The Lafayette Times

This Day in History – February 12th

Maire Birdwell, Design Editor

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On this day in 1924, Rhapsody in Blue was performed for the first time at the Aeolian Hall in New York City.

“The audience packed a house that could have been sold out at twice the size,” wrote New York Times critic, Olin Downes, on February 13, 1924.

The performance was a part of a large program called the “Experiment In Modern Music.”  Organized by Paul Whiteman, the immensely popular leader of the Palais Royal Orchestra, the program demonstrated that the relatively new form of music called jazz deserved to be known as a serious and sophisticated art form. The program had many pieces and readings about how the new music of jazz was being settled into the country, such as “Contrast: Legitimate Scoring vs. Jazzing.”

Many readings and pieces went by, and the audience was starting to grow a bit weary. Then, a young man by the name of George Gershwin, then known only as a composer of Broadway songs, seated himself at the piano to accompany the orchestra in the performance of a brand new piece of his own composition, called Rhapsody In Blue.

The beginning of the piece starts out with an outrageous cadenza from the clarinet; a two-and-a-half-octave glissando that makes Rhapsody in Blue as instantly recognizable as Beethoven’s Fifth Symphony. There is a repeated tone throughout the piece, but with different keys and different instruments. The first part was played by the clarinet, the second part was the same phrase played by a piccolo trumpet, and so on.

The music critic of the New York Times was in agreement with Whiteman’s basic premise:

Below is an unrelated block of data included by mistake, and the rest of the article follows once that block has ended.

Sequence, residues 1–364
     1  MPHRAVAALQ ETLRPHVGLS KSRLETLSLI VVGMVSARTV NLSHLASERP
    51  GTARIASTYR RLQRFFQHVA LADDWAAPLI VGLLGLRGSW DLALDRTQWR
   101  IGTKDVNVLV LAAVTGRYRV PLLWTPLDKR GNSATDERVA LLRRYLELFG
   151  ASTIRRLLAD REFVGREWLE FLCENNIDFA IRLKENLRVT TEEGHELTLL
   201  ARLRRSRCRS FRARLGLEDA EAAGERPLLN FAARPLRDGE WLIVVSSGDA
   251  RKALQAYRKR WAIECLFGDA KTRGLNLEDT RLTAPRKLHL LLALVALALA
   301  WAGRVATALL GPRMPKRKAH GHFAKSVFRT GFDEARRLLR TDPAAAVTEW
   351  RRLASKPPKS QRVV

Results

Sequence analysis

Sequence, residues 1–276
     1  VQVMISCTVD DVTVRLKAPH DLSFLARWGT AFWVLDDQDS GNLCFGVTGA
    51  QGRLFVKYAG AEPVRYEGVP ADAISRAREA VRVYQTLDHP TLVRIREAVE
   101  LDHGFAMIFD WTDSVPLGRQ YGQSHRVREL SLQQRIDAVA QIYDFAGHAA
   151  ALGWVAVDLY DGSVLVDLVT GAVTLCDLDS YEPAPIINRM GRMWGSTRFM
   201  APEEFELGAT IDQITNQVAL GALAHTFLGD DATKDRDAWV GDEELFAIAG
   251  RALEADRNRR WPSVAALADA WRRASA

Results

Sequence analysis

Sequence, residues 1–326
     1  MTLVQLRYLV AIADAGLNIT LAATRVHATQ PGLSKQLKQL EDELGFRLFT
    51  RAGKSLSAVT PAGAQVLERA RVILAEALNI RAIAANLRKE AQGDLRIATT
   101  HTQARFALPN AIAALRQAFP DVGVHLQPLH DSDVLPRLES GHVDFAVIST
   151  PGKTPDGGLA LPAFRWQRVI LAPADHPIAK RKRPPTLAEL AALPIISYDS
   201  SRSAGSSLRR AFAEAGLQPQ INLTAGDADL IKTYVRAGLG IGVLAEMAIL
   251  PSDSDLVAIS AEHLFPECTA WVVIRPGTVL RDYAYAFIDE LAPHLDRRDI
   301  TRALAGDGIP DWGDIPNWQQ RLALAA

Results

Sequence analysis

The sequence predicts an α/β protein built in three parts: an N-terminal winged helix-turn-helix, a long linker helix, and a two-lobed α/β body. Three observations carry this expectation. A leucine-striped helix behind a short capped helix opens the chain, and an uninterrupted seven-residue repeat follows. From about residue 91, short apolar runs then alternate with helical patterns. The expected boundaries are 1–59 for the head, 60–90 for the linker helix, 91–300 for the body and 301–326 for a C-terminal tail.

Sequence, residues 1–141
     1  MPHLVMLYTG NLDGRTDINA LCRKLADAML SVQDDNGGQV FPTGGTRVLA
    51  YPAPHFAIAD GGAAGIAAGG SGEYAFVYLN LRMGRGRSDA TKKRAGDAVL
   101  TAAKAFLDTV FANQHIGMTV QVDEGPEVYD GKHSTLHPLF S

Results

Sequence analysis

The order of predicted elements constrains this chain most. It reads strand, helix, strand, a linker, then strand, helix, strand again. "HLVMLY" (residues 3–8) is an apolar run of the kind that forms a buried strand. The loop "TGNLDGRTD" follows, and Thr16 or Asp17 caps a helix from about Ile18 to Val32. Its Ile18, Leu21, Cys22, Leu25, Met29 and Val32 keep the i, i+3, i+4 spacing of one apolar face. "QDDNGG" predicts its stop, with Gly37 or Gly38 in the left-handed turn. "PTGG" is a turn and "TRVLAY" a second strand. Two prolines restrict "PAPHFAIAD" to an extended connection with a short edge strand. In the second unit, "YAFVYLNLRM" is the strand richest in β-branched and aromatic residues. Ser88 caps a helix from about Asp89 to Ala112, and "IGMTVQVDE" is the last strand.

“This is no mere dance-tune set for piano and other instruments, this composition shows extraordinary talent, just as it also shows a young composer with aims that go far beyond those of his ilk.”

George Gershwin’s hope to have a piece that entered a new era of music may have been genuine, but the piece he used to accomplish that feat was put together very hastily. It was only 5 weeks prior to the “Experiment in Modern Music” program, but Gershwin had not committed to writing a piece for it. Fortunately, his brother pushed him to work hard enough to make the piece amazing. Soon after that, a report in the New York Tribune stated that George was “at work on a jazz concerto” for the program. Thus painted into a corner, George Gershwin pieced Rhapsody In Blue together as best he could in the time available, leaving his own piano part to be improvised during the world premiere.

Rhapsody would, of course, come to be regarded as one of the most important American musical works of the 20th century. It would also open the door for a whole generation of “serious” composers—from Copland to Brecht—to draw on jazz elements in their own important works.

About the Writer
Maire Birdwell, Design Editor
Maire Birdwell is a freshman at Lafayette and she is happy to say that she is the Design Editor.  She contributes to Lafayette by marching with our outstanding band, helping others, and giving our school a good atmosphere. Her whole life is surrounded by music since her parents are both music professors, and listening to...
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This Day in History – February 12th